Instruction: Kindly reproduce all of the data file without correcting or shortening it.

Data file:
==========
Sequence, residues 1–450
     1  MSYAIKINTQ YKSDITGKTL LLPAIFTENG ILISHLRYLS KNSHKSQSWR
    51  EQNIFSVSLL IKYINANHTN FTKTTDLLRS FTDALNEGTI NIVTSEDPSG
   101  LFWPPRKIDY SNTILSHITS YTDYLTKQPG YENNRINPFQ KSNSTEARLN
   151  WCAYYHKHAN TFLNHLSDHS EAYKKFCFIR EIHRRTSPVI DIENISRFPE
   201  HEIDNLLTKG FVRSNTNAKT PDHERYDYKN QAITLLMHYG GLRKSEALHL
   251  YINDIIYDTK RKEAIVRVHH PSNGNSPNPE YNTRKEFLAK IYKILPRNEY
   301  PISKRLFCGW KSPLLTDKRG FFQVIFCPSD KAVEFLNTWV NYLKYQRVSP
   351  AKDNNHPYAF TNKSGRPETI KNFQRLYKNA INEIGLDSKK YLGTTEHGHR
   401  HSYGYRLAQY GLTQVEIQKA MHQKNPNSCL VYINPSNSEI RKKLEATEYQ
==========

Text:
Sequence, residues 1–450
     1  MSYAIKINTQ YKSDITGKTL LLPAIFTENG ILISHLRYLS KNSHKSQSWR
    51  EQNIFSVSLL IKYINANHTN FTKTTDLLRS FTDALNEGTI NIVTSEDPSG
   101  LFWPPRKIDY SNTILSHITS YTDYLTKQPG YENNRINPFQ KSNSTEARLN
   151  WCAYYHKHAN TFLNHLSDHS EAYKKFCFIR EIHRRTSPVI DIENISRFPE
   201  HEIDNLLTKG FVRSNTNAKT PDHERYDYKN QAITLLMHYG GLRKSEALHL
   251  YINDIIYDTK RKEAIVRVHH PSNGNSPNPE YNTRKEFLAK IYKILPRNEY
   301  PISKRLFCGW KSPLLTDKRG FFQVIFCPSD KAVEFLNTWV NYLKYQRVSP
   351  AKDNNHPYAF TNKSGRPETI KNFQRLYKNA INEIGLDSKK YLGTTEHGHR
   401  HSYGYRLAQY GLTQVEIQKA MHQKNPNSCL VYINPSNSEI RKKLEATEYQ